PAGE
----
The Battle of Britain: The Crisis

‘On 1 August Hitler issued Führer Directive No. 17 … The RAF must be eliminated as well as its ground installations and the aircraft industry.’

On 15 September 1940 Britain came under air attack from the German Luftwaffe, in the first major military campaign to be fought entirely in the air. 75 years on, we commemorate these events on what’s now known as Battle of Britain Day – celebrating a campaign that saw British armed forces succeed at a time when Hitler was dominating the rest of Europe.

The second in our series of extracts from When Britain Saved the West: The Story of 1940 charts Hitler’s evolving plans for invasion in the months preceding the Battle of Britain.

Battle of Britain

From Chapter 10, The Battle of Britain: The Crisis

by Robin Prior

The desultory nature of the air war being waged against Britain in July was ended by Hitler. He had been mulling over future grand strategy with his generals and advisers, and on 30 July he came to a decision. The Soviet Union would be invaded in the spring of 1941. ‘England’ had to be eliminated well before then. The Führer’s problem was that this window for an invasion was very short. Bad weather in the Channel could be anticipated to be endemic from October. This left fewer than eight weeks to accomplish the main precondition for invasion – the establishment of air superiority over Britain. Clearly, the air war would require a greater effort and a new plan.

Consequently, on 1 August Hitler issued Führer Directive No. 17, which in part detailed a new direction for the Luftwaffe. The RAF must be eliminated as well as its ground installations and the aircraft industry. Ports, which provided shelter for the Royal Navy or through which food and raw materials were imported, must be destroyed. Any decision to bomb the civilian population as a deliberate act he reserved for himself. Hitler’s military staff, the OKW, added that the RAF must be dealt with in the same way as the Polish and French air forces – that is destroyed on the ground, and that the radar chain should be attacked as a first priority.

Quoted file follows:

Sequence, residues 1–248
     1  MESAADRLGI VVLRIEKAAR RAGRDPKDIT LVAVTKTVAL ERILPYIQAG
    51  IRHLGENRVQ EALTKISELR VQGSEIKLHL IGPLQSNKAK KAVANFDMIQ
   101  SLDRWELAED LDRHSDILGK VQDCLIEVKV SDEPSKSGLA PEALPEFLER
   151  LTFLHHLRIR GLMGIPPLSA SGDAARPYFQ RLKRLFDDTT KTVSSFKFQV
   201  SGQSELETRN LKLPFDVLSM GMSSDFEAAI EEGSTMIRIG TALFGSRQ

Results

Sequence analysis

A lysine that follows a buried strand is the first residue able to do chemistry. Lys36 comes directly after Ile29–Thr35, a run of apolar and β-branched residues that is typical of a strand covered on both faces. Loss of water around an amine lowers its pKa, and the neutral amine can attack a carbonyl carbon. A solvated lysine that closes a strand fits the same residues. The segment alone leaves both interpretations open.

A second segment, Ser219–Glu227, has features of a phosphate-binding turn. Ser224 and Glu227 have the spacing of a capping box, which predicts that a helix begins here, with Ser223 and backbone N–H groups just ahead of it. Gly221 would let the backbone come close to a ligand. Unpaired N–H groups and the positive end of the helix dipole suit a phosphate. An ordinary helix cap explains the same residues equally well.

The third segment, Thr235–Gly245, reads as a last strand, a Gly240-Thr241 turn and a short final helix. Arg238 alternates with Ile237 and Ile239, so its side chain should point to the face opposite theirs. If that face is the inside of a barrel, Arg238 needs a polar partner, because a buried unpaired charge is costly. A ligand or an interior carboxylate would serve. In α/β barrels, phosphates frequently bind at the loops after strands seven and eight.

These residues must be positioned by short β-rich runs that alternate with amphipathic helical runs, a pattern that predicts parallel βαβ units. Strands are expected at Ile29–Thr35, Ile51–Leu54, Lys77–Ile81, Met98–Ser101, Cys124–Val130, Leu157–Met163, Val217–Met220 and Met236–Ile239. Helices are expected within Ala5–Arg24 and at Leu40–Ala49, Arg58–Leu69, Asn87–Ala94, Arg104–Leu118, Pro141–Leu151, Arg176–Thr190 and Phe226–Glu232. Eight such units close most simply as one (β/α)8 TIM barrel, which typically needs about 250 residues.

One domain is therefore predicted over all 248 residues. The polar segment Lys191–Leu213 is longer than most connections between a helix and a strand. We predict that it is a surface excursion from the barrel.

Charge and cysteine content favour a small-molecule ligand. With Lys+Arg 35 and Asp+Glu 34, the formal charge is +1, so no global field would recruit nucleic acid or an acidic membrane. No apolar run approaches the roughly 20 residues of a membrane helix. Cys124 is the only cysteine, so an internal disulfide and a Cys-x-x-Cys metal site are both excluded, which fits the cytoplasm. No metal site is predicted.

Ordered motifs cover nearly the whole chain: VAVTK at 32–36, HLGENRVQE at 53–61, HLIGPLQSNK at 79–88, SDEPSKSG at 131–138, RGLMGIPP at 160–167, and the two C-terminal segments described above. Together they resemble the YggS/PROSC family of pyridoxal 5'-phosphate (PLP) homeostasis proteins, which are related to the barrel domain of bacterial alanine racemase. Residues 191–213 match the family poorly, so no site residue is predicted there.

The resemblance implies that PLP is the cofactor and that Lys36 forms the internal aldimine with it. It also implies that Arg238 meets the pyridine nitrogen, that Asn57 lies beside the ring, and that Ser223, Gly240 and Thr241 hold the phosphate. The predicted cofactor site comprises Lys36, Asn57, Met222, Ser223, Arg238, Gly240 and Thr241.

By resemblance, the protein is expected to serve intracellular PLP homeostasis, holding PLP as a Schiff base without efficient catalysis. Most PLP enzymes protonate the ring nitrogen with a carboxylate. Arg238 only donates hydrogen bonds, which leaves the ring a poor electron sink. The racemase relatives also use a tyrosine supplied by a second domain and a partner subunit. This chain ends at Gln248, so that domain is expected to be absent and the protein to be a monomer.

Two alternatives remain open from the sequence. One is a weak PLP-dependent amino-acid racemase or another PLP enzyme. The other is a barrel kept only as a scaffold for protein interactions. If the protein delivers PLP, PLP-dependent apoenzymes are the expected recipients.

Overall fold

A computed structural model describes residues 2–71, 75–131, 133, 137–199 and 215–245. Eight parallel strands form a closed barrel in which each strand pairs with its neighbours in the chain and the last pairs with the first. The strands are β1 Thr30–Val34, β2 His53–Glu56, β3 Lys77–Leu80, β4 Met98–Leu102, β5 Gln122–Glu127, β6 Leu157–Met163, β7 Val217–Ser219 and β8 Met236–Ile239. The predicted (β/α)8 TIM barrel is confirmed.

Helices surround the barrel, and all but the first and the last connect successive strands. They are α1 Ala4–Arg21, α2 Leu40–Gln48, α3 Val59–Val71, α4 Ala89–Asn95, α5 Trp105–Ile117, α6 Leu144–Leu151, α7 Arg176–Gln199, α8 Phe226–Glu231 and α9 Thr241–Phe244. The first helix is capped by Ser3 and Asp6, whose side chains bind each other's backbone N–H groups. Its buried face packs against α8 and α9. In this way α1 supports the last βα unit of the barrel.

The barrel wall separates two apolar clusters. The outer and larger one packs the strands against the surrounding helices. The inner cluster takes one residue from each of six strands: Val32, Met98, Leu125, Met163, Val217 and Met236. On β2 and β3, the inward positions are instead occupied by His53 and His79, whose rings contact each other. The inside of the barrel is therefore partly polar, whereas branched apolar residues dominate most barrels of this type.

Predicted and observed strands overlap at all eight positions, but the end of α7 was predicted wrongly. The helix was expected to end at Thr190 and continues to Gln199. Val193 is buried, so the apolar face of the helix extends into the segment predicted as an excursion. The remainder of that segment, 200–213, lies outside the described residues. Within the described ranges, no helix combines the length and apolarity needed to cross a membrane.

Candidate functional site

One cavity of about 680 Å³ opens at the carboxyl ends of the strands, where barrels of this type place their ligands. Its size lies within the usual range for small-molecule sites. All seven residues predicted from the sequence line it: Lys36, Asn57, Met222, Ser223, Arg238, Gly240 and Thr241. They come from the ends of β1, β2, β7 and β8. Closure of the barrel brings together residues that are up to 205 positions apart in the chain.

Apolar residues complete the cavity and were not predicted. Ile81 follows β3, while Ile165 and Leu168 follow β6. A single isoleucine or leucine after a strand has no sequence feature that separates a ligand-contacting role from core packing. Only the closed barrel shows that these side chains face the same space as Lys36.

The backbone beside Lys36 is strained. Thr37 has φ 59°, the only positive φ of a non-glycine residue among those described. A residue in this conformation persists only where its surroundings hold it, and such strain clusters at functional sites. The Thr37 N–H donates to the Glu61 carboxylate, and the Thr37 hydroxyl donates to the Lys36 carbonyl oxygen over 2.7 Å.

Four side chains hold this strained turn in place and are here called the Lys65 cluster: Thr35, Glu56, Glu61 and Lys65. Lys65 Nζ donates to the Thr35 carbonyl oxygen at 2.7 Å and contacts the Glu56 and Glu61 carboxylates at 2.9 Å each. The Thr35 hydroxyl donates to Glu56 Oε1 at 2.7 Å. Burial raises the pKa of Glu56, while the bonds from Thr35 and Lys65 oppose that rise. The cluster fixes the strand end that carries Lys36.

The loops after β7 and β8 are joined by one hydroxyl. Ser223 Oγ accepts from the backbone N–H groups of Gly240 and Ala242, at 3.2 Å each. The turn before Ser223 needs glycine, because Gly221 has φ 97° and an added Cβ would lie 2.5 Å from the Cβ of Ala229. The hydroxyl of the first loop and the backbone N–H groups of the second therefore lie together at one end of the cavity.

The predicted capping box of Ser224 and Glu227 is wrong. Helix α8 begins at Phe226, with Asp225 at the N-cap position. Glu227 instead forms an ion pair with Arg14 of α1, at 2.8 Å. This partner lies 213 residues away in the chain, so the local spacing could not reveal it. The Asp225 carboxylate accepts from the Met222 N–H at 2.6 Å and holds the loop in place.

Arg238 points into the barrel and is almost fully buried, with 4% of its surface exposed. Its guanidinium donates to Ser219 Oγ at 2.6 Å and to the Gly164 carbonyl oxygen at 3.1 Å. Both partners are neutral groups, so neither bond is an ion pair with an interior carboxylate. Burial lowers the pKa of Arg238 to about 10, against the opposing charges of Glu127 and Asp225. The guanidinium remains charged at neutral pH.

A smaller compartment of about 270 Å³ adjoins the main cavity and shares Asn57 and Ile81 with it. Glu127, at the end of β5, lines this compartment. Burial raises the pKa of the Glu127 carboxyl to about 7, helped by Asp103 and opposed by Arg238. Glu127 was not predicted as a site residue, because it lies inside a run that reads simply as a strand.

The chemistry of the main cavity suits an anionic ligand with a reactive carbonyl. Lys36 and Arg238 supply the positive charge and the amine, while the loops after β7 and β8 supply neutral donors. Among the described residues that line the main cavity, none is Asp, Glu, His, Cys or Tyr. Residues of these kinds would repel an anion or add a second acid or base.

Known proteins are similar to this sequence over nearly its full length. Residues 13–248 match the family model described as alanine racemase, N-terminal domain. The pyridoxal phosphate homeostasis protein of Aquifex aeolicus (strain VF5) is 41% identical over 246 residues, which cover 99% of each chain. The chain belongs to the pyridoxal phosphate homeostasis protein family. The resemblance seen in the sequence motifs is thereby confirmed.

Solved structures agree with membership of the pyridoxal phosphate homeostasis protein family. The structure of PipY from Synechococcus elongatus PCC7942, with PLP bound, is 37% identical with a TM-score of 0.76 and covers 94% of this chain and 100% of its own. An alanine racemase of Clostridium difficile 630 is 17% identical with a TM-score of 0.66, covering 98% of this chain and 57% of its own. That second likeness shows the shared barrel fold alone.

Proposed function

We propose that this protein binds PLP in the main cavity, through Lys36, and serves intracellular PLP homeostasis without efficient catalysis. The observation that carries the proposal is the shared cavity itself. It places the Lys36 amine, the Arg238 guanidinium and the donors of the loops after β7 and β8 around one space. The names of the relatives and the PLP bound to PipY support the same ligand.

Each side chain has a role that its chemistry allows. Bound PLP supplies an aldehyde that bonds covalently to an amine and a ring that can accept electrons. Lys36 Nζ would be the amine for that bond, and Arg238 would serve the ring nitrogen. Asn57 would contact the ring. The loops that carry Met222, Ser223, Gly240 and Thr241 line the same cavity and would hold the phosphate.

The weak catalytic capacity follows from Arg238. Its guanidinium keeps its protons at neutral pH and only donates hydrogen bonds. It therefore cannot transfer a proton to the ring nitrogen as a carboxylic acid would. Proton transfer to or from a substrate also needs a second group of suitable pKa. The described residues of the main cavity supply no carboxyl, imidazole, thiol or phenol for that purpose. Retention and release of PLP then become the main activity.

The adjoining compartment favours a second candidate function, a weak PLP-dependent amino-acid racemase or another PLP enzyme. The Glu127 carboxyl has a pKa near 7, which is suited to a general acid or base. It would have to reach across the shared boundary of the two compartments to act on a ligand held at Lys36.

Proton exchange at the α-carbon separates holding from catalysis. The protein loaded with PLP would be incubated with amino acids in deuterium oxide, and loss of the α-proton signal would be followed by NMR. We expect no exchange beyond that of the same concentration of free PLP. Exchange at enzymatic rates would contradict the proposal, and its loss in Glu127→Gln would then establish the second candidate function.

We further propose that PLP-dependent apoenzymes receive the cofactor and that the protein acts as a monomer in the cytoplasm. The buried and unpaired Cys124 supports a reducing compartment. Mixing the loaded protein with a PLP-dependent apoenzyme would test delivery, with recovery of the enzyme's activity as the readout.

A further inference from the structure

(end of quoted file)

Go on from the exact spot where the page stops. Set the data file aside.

Goering, who had largely left the operational conduct of the air battle to Kesselring of Luftflotte 2 and Sperrle of Luftflotte 3, responded immediately to the Führer directive. On 2 August he outlined his second plan against Britain. It was to open on 5 August with an all-out attack (grandiloquently called Adler Tag – Eagle Day) against a wide list of targets – the RAF, ports, merchant ships and warships. And in line with the OKW paper, the British early-warning system, the radar chain, was to be attacked by specially trained units in the first wave.

Goering’s response contained the same flaw as his first plan, although neither Hitler nor the Luftwaffe chiefs seemed to notice. Apart from the contribution of OKW, there was no strategic guidance given to the Luftwaffe. They were not told, for example, to give absolute priority to the destruction of Fighter Command and then to concentrate on ports and imports. The implication was that every target listed was as important as every other target. Yet if the Luftwaffe tried to attack them all, the force would be spread very thin. Goering’s instructions to his airmen amounted to this: destroy Fighter Command on the ground (which implied an attack on all their major airfields) and at the same time attack the aircraft industry while continuing with current operations against ports and merchant shipping. This multiplicity of objectives ensured that whatever pressure was brought to bear against Fighter Command, it would not be maximum pressure. The great offensive had to some extent dissipated before it had begun.


When Britain Saved the West: The Story of 1940 by Robin Prior is available from Yale University Press.

When Britain Saved the West

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